Wave of protest from residents over plans to replace disused church with student housing (From Bournemouth Echo)
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Wave of protest from residents over plans to replace disused church with student housing
PLANS to replace a disused church with a student housing block have sparked a wave of protest from residents.
Residents of the Victoria Park area of Bournemouth fear that replacing a former Apostolic Church with accommodation for 46 students will change the character of the area and increase noise and antisocial behaviour. They are also concerned that just three parking spaces are planned.
More than 40 people have submitted objections to Bournemouth council, urging planners to reject the proposals.
The plans have been put forward by planning agent Ken Parke Planning Consultants on behalf of Barton Estates UK Limited. They claim building new purpose-built accommodation will reduce pressure on family homes and the Art Deco-style design will enhance the area.
They point out the Apostolic Church has relocated to larger premises and the building in Victoria Park Avenue has been unsuccessfully marketed, with no-one interested in using the premises for community purposes.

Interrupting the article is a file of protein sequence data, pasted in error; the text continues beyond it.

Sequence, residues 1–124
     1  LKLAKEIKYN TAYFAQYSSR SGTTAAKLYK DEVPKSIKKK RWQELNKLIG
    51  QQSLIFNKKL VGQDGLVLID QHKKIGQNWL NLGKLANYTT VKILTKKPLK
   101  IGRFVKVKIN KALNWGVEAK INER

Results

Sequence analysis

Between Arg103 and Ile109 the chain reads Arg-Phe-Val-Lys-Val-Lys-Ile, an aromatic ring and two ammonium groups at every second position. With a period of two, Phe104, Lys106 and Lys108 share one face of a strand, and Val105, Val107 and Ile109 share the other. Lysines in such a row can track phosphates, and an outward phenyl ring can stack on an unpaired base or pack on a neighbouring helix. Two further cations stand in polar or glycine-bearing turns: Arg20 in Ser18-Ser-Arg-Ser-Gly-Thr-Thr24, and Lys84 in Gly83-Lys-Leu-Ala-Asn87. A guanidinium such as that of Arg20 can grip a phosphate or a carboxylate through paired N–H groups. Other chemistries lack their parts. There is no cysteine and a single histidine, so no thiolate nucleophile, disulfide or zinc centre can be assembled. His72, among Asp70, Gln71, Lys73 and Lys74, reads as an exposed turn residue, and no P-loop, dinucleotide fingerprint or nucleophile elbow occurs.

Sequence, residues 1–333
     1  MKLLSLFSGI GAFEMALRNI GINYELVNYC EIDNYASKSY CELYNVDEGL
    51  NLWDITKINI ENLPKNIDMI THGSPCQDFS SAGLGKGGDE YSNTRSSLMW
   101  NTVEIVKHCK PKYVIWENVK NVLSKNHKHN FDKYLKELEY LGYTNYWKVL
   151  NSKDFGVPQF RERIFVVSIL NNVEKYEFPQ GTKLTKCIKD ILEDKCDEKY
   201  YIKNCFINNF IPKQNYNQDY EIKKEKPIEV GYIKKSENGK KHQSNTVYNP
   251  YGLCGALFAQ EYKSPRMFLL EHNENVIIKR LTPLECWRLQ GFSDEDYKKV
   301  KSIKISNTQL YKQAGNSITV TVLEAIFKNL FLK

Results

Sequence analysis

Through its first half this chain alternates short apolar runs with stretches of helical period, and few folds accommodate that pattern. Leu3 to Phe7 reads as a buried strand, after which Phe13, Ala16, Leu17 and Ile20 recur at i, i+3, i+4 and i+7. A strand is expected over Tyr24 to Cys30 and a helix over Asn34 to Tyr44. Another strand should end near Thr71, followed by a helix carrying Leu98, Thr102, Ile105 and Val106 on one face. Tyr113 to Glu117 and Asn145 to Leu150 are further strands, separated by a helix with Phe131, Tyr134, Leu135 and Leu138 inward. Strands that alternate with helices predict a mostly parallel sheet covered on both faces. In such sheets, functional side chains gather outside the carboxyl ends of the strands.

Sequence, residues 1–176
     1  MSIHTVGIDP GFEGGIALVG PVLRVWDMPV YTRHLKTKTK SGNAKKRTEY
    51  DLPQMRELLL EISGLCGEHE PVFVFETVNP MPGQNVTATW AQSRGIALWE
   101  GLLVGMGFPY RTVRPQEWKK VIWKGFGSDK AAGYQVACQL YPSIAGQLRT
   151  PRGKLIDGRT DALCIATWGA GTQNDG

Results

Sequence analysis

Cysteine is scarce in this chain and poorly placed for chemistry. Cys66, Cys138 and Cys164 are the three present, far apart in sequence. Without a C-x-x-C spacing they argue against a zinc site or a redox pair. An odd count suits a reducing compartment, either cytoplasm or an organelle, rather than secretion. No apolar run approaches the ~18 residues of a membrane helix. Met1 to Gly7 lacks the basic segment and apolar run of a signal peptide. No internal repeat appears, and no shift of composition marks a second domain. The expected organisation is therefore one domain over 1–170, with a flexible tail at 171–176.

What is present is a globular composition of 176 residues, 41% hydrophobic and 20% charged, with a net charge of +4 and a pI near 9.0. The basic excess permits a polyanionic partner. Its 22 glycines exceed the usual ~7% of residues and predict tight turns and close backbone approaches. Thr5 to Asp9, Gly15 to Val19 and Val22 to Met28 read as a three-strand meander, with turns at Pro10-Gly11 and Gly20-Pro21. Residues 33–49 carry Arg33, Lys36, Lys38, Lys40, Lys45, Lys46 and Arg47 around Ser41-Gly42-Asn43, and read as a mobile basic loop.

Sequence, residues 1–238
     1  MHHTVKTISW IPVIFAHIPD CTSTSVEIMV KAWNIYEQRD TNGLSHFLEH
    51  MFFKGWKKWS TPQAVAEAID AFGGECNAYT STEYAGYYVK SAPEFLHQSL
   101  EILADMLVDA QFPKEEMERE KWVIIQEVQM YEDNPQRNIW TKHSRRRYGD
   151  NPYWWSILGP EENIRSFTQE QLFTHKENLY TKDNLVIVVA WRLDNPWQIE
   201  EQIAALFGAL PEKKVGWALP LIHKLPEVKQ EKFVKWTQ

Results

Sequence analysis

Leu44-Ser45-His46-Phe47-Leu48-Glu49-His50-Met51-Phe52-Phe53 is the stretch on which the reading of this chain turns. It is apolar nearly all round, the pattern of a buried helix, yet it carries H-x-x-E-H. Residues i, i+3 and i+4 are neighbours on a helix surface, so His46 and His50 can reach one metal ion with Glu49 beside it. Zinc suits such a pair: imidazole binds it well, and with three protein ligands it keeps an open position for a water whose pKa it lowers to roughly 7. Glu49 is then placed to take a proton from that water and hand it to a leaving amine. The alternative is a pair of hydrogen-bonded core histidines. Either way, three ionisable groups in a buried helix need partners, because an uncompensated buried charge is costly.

“Here, we have a local company that wants to invest in developing a property within Bournemouth to provide much-needed housing for students in an appropriate sustainable location and a manner that has been recognised as enhancing the appearance of the area,” their application states.
But many residents are unconvinced. Andrea Gough, of Edgehill Road, has written: “Adding 46 students to the area and not expecting them to have more than three cars is a ridiculous notion.”
And Professor Keith Phalp, of Victoria Park Road, said: “I understand that there is a need for accommodation, particularly given the growth in student numbers. However, this should not be allowed to ruin the lives of existing residents, particularly where the prime motivation seems to be one of private profit.”
Ward councillor Nicola Greene said she would argue the residents’ case at the next meeting of the planning board, if the officer’s recommendation was to grant permission.
She said: “It’s really about the scale and impact of the proposed block. The plans have been revised but the changes don’t address the residents’ concerns.”
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